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Council considers chiller choices

Wednesday, February 9, 2011

(Photo)
Larry Moss
An issue with the Clay County Courthouse's cooling system was brought to the attention of the Clay County Council during Monday's meeting.

Clay County Commissioner Charlie Brown informed the council one of the three condenser coils on the chiller is leaking and in need of repair.

"What I am concerned with is the possibility that this could be an ongoing cycle with one part going out after another is fixed," Brown said.

With the possibilities in mind, Brown said he gathered estimates for different scenarios. He said the estimated cost to replace one coil was approximately $11,000, while it would be about $23,000 to replace all three at once.

"However, to put in a whole new unit would be about $60,000," Brown said. "I also have four companies that have expressed interest in providing quotes for whichever direction we go."

Clay County Auditor Mary Jo Alumbaugh said she was not exactly sure when the chiller was installed, but believed it was either 1996 or 1997, adding there is money available in the Cumulative Capital Development Fund for the project.

"With the current system being 14 or 15 years old, I don't have a problem with replacing the entire thing," council member Steve Withers said. "However, I also think we need more details on the specifications."

One thought mentioned by the council for Brown to look into was the cost of chillers that could maximize energy efficiency.

"There's no sense in replacing one coil in a potentially obsolete unit," council member Larry Moss said. "But, I am also curious if something is out there with improved efficiency, or if there is another grant available like the one we received to retrofit the lights."

The council agreed to conduct preliminary engineering to determine the exact needs and specifications for a potential new chiller, along with possibly forming a joint committee with the commissioners to meet with each of the interested companies down the line once the specifications are set.

Meanwhile, a local resident approached the council to express his support for instituting a wheel tax.

"I think it would be a good thing for the county to set up a wheel tax," Walt Moore, Brazil, said. "It would be a big benefit by giving us more drivable roads."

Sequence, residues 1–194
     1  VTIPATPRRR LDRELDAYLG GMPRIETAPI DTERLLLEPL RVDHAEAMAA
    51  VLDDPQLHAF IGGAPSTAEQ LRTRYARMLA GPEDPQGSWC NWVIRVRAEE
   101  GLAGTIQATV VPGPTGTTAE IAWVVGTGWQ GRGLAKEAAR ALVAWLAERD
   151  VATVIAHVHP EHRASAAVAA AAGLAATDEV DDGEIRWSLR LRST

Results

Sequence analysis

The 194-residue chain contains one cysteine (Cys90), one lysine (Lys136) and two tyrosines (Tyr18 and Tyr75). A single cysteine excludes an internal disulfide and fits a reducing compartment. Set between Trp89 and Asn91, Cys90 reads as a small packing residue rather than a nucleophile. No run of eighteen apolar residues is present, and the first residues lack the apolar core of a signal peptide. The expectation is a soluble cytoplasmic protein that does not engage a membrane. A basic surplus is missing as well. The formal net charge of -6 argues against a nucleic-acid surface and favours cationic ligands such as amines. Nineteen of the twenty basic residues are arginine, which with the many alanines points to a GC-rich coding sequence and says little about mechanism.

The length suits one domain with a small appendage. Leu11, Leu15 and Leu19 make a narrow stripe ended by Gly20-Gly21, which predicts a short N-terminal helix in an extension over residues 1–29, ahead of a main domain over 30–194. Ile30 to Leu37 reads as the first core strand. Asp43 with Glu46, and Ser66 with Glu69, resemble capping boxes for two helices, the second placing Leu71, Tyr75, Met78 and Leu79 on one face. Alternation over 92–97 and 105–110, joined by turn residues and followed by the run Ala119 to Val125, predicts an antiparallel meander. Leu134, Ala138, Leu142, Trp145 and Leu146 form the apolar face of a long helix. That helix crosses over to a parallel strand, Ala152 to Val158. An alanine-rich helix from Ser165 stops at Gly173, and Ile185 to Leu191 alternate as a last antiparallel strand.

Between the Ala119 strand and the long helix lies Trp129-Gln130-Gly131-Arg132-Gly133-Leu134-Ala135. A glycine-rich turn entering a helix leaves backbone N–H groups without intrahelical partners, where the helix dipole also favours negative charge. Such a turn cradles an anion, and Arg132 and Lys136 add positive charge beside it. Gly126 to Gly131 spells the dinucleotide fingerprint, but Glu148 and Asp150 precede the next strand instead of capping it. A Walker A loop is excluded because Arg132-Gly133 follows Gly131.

Moore added approximately 90-95 percent of the residents he has spoken to have also been in favor of it.

In recent months, county officials have looked into how much funding a wheel tax could potentially raise, including attending a presentation by Indiana Local Technical Assistance Program (LTAP) Research Manager Neal Carboneau in September about road funding.

"It has been brought up, but with recently passing the Local Option Income Tax (LOIT), we would hate to hit people with a new tax back-to-back," Council Vice President Rita Rothrock said.

Moss added, "Unfortunately, from what we found out it wouldn't bring in as much funding as we had originally thought. Plus, the funding it would generate would not just be for the county, but it would be spread out among all the cities and towns as well."

However, other council members felt that if action was taken with the funding, then residents may be more accepting of a tax to improve the condition of the roads.

"I think if people see the effects of the tax in motion, people would be more in favor of it," council member Brian Wyndham said.

In other business during Monday's meeting of the Clay County Council:

* The first reading of an amended salary ordinance was conducted, which would set the annual compensation for the Health Officer at $18,000. Alumbaugh said the amount was approved during budget hearings, but had been inadvertently omitted from the salary ordinance for all county employees,

* A transfer of $5,999 was approved within the Highway Fund for the purchase of a new vertical mill machine/drill press,

* A total reduction of $11,800 was approved from the contract services and criminal justice equipment line items in the Drug-Free Community Fund, and

* Additional Appropriations were approved for both the Auditor's Fund ($6,236 for financial and tax billing software support) and Drug-Free Community Fund ($18,575 total for administration, along with justice, treatment and prevention grants).

The next meeting of the Clay County Council will be 6 p.m., Monday, March 7, in the Commissioners' Courtroom at the Clay County Courthouse.


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I think we are seeing the effect of the property tax reduction at the state level as reflected on local government. We reduced taxation at one level only to start taxing at a different one. Somehow, I get the feeling that in the end the taxpayer is just going to end up paying more taxes than he was in the beginning. So much for "property" tax reform.

As to applying and possibly receiving grants, where does this grant money come from? Are not government grants funded by taxation? If so, wouldn't it be great if our community got some of what we have paid into the system back into our community? Some may think that it is welfare, but if we paid for it over a period of time is it somehow disgraceful to be able to use it in our time of need. Even welfare is paid for by most who must at times use it in the course of their lifetimes.

-- Posted by Leo L. Southworth on Thu, Feb 10, 2011, at 2:59 AM


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